October 31, 1997

'Cinderella': The Glass Slipper Fits With a '90s Conscience

As Disney's Cinderella for the '90s, Brandy is amazingly good. She wanders the streets of her village, singing "The sweetest sounds I'll ever hear/Are still inside my head," with the longing of a dreamy adolescent and the musical control of a Broadway trouper. She goes to the ball looking less like a princess than a suburban prom queen, with ringlets and too much blue eye shadow, yet captivates the Prince with her guileless manner. And after the ball, she tells her dead father why she must leave her stepmother's house. "I deserve better, Father," she says, with a sincerity that rescues the pop-psychology dialogue. "I deserve to be loved." Of course, before she can set off on her own, the Prince arrives with the glass slipper and the happy ending. Some things never change.

One of those things, unfortunately, is Rodgers and Hammerstein's "Cinderella," originally created as a television special starring Julie Andrews in 1957. In fairy tale terms, the musical was always a pumpkin that never turned into a glittering coach, despite large audiences for the original and for the often-shown 1965 version with Lesley Ann Warren.

The songs are lesser Rodgers and Hammerstein; there's a reason the saccharine "Do I Love You Because You're Beautiful" is not as familiar as "Oklahoma." And the book offers a flat-footed telling of the Cinderella story, with no cute cartoon mice or outsize villains to leap off the screen.

This new, big-budget version practically pummels the old one into better shape. The starry cast includes Whitney Houston as the Fairy Godmother, Bernadette Peters as the Wicked Stepmother and Whoopi Goldberg as Queen Constantina, the Prince's mother. Combining Broadway pizazz with a traditional storybook look, the remake also adds three better Rodgers songs not written for "Cinderella" (including "The Sweetest Sounds"). And the new version has a social conscience, with a multiracial cast and a feminist twist. But it doesn't take that final leap into pure magic. Often charming and sometimes ordinary, this is a cobbled-together "Cinderella" for the moment, not the ages.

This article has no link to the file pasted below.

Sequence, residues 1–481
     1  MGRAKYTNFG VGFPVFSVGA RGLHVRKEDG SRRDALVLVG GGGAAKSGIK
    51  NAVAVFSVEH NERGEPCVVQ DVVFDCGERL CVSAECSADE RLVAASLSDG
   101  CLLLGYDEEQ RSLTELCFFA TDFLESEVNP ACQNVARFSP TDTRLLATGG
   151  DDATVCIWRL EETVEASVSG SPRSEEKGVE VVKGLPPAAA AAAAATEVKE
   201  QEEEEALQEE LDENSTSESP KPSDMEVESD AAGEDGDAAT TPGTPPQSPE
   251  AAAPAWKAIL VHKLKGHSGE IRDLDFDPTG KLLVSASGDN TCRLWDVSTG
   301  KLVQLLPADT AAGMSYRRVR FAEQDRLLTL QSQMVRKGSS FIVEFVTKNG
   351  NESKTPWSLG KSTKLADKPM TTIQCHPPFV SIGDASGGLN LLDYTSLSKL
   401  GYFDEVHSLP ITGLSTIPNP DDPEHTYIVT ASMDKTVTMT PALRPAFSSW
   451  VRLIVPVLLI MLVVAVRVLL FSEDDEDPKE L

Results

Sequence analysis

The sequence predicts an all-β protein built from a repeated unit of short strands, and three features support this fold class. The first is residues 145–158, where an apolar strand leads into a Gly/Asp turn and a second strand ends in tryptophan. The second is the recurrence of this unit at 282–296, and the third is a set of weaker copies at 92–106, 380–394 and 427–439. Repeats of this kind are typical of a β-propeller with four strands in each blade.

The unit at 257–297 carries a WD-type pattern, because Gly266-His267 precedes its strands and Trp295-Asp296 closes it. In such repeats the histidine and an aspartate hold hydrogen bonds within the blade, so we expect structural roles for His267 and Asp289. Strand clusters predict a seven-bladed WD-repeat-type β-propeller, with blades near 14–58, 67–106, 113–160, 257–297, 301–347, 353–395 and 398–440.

The matter-of-fact racial casting works so smoothly that it becomes one of the show's happiest effects. There is no cause to wonder why one stepsister is black and one white. The entire kingdom is blissfully multiethnic, with a black queen in Ms. Goldberg, a white king in Victor Garber and the Philippine-born Paolo Montalban as their son. (The fact that this racial utopia exists in a fairy tale only emphasizes its distance from reality.)

The feminist touches are clumsier. "You didn't need my help, you just thought you did," says the Fairy Godmother, sounding more like the Wizard of Oz. "Believe in yourself, Cinderella." Ms. Houston, who is also an executive producer, is disappointing, her performance as stiff as the rigid column of a dress she is poured into. Her big song, "Impossible," is a ditty that wastes the gifts of her powerful voice.

Montalban has an old-fashioned luxurious voice and a down-to-earth manner that makes him the ideal Prince for Brandy's Cinderella. As they sing "The Sweetest Sounds," each unaware of the other's presence, it becomes a stunning romantic duet. Jason Alexander provides comic relief as Lionel, the Prince's right hand. And Ms. Goldberg winningly blends royal dignity with motherly meddling.

Ms. Peters brings vigor and sly comedy to the Stepmother. But her song, Rodgers and Hart's "Falling in Love With Love," is crammed into the show. Her colorful house brings to mind Pee-wee's Playhouse. Yet the ball itself is strangely dull, costumed in drab midnight blues to contrast Cinderella's powder blue gown.

Though mice turn into coachmen, this "Cinderella" uses special effects sparingly. It emphasizes the inner magic of character, self-reliance and love, and sacrifices some of its fairy dust along the way.



By Rodgers & Hammerstein

7 p.m. ET Sunday on ABC

Produced by Citadel Entertainment LP, Storyline Entertainment and Brownhouse Productions in association with Walt Disney Television. Whitney Houston, Debra Martin Chase, Craig Zadan, Neal Meron, David R. Ginsburg, executive producers. Chris Montan, Mike Moder, producers. Teleplay by Robert L. Freedman. Directed by Robert Iscove. Music by Richard Rodgers, book and lyrics by Oscar Hammerstein 2d.

With: Brandy (Cinderella), Jason Alexander (Lionel), Victor Garber (King Maximilian), Whoopi Goldberg (Queen Constantina), Whitney Houston (Fairy Godmother), Bernadette Peters (Stepmother) and Paolo Montalban (The Prince).